Your Guide To Sleeping With A Weighted Blanket

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sleeping with a weighted blanket

Legend has it that Keith Zivalich invented the first weighted blanket in 1997 when his young daughter placed a Beanie Baby on his shoulder. (1) The calming effect of the weight sparked a million-dollar idea for Zivalich, and a bedding industry superstar was born. Three decades later, weighted blankets have indeed become a multi-million dollar industry, and anyone who fancies sleeping with a weighted blanket can easily indulge in the calming effects of deep-pressure therapy from the comfort of their own bed. (2)

Note: The content on Sleepopolis is meant to be informative in nature, but it shouldn’t be taken as medical advice, and it shouldn’t take the place of medical advice and supervision from a trained professional. If you feel you may be suffering from any sleep disorder or medical condition, please see your healthcare provider immediately. 

Long Story Short

  • A weighted blanket is a heavier blanket that offers users a form of deep-pressure therapy to trigger a calming effect akin to a hug or a swaddle.
  • Sleeping with a weighted blanket may be beneficial to those who have a hard time falling asleep due to anxiety.
  • Weighted blankets are available in all sizes and weights. As a general rule, however, they should weigh 10 percent of your body weight.

What Is a Weighted Blanket? 

Mark Aloia, head of sleep and behavioral sciences at Sleep Number and an associate professor of medicine at National Jewish Health in Denver, Colorado, tells Sleepopolis,  “A weighted blanket is a heavier blanket that can be used to reduce stress and anxiety because of the extra weight it adds onto your body.” 

Essentially, weighted blankets are a form of deep-pressure therapy. They can trigger a calming effect in those who use them, (6) similar to a hug, the sensation of touch, or a baby’s swaddle. (6) Weighted blankets are often filled with sand, plastic poly pellets, micro glass beads, or steel shot beads and typically weigh anywhere between five and 20 pounds. They’re also available in a wide range of materials, including cotton, bamboo, linen, flannel, and polyester. 

Why Are Weighted Blankets Good for Sleep? 

While plenty of anecdotal evidence supports weighted blankets for sleep, the research is confounding at best. There are studies that show weighted blankets improve sleep, others with ambiguous results, and new research that’s promising but still evolving. 

While one study showed that weighted blankets had a positive impact on falling asleep and staying asleep, another showed weighted blankets were effective in relieving anxiety, but their benefit for reducing insomnia and improving sleep remained unclear. (3) (4)

Despite the occasionally counter-active nature of those studies, Aloia tells us some newer research demonstrates that weighted blankets may improve sleep through biological mechanisms. Specifically, he points to “a 2022 study that showed a 32 percent increase in melatonin in the first hour of restfulness using the right weighted blanket.” (5) Although the study was small (26 participants) and Aloia notes there were no differences in total sleep time or subjective sleepiness of the participants compared to those not using a weighted blanket, he says, “These findings are still impressive.” 

Yet another study from 2020 showed that the deep pressure from weighted blankets may activate the parasympathetic nervous system (the system that controls your body’s ability to relax, commonly known as its “rest and digest” functions) and promote the release of oxytocin (aka the happy hormone), which may also play a role in the relaxation necessary for sleep. (6) Ultimately, this study concluded that weighted blankets may be an effective intervention for insomnia but only for a specific segment of the population — folks with certain mental disorders. (6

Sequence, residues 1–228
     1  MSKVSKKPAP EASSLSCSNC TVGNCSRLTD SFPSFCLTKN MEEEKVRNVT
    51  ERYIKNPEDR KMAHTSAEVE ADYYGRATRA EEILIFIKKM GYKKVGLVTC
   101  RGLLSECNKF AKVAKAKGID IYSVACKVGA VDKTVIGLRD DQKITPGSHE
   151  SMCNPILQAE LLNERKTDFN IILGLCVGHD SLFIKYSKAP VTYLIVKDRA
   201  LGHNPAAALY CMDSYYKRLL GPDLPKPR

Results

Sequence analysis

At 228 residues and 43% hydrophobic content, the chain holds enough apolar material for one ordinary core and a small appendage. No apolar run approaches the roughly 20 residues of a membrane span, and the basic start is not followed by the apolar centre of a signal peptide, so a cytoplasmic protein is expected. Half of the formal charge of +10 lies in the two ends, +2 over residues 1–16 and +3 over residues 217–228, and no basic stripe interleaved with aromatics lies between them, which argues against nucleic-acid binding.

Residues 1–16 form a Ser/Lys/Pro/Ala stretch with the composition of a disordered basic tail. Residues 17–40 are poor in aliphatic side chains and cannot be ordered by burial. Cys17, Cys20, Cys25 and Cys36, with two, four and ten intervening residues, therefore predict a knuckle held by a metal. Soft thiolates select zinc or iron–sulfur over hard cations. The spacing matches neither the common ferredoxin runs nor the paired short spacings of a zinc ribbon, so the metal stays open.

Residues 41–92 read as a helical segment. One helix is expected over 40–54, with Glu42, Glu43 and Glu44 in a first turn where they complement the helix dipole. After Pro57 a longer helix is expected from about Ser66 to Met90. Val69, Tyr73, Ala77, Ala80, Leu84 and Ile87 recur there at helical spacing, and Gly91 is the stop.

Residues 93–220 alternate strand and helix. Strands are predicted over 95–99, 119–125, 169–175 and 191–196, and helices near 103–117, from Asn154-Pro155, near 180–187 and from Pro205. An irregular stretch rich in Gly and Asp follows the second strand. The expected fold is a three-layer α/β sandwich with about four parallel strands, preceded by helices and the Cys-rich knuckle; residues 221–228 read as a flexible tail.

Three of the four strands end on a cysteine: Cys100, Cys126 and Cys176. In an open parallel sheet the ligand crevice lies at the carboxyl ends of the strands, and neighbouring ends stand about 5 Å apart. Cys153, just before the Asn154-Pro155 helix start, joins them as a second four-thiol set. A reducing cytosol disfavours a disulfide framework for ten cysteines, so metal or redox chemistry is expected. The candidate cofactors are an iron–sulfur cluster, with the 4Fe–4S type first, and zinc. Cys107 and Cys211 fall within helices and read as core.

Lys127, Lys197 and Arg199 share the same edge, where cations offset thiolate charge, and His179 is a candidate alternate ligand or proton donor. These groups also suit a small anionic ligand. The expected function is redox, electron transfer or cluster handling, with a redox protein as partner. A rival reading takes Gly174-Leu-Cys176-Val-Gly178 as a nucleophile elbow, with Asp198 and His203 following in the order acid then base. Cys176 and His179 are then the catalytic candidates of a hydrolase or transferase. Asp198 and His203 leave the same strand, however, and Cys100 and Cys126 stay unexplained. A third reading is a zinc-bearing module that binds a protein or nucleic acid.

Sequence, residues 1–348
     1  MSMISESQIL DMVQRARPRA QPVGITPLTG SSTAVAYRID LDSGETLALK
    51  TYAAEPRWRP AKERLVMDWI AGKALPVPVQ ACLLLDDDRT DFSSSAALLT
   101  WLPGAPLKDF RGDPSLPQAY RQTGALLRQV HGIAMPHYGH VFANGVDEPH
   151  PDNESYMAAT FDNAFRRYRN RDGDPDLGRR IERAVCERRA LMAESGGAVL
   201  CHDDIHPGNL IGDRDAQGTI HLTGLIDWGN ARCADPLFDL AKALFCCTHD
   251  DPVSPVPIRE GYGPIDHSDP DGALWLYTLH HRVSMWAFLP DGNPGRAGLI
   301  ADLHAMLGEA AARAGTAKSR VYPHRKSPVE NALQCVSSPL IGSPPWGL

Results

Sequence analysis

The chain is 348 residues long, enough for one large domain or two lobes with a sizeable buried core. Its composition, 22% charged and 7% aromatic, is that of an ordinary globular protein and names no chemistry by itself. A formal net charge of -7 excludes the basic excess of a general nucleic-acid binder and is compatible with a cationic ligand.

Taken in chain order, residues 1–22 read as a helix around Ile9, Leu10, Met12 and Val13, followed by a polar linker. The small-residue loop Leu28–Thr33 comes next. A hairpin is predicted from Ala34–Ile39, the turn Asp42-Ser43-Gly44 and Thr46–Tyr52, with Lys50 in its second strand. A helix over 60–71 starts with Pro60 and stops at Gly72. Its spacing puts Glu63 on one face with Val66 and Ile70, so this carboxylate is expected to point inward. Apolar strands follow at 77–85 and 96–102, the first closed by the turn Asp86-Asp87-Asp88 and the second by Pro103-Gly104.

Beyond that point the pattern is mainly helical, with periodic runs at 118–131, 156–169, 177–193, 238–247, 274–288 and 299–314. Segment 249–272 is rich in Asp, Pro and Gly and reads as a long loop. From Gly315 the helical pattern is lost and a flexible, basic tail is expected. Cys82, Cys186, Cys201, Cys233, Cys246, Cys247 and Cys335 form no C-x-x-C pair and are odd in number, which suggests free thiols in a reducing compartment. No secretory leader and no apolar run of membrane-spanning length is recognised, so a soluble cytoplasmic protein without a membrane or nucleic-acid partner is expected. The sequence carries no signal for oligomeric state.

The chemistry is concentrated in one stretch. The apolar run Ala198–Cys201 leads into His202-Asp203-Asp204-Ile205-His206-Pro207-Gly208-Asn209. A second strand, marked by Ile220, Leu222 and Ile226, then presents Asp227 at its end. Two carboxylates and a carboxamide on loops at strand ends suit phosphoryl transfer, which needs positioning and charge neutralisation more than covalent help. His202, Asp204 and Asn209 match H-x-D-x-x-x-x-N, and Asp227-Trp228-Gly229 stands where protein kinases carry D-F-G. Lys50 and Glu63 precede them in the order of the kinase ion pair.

The heft of a weighted blanket provides gentle pressure to the body, which in turn may activates the body’s parasympathetic nervous system. (6) So, when your heart rate rises due to stress, weighted blankets restore some calm and lower it by way of your parasympathetic nervous system.

The TLDR: Some of the existing research is a bit contradictory, but recent research does show some promise. That being said, what works for one may not work for another, but it may be worth a try depending on your needs. 

Other Benefits of Weighted Blankets

In addition to their possibilities for improved sleep, weighted blankets may have broader applications across a host of conditions. Although the research is still quite limited, existing research shows weighted blankets may: (3) (7)

  • Promote a sense of calm
  • Ease feelings of stress and anxiety
  • Improve daytime functioning
  • Reduce chronic pain
  • Improve the overall well-being of children and adults with ADHD or autism spectrum disorder. 

How to Choose a Weighted Blanket

When looking for a weighted blanket, Aloia says there are a few important considerations to keep in mind:

Comfort, Materials, and Weight  

First and foremost, Aloia suggests looking for a blanket that’s comfortable for you. This applies to materials, fill, and weight. 

“Weighted blankets come in multiple weights, and it’s important to determine which works best for you,” says Aloia. “One that is too heavy may put pressure on your breathing or make it hard to move during the night.” Aloia adds, “The ideal weight for a weighted blanket is between 5 percent and 12 percent of the user’s bodyweight, but most people prefer the weight to be around 10 percent  of their body weight based on comfort.”

Temperature Control 

“Some materials retain heat more than others, so it’s best to look for something that is breathable and can move heat and humidity away from your body,” says Aloia. “You should think of the area immediately around your body and under a blanket as a micro-environment. Controlling this environment is very beneficial to promoting and maintaining a good night’s sleep.” Ultimately, he says, “It’s best to look for something with breathable materials (i.e., cotton or bamboo) and avoid those that retain heat, such as polyester and nylon. ”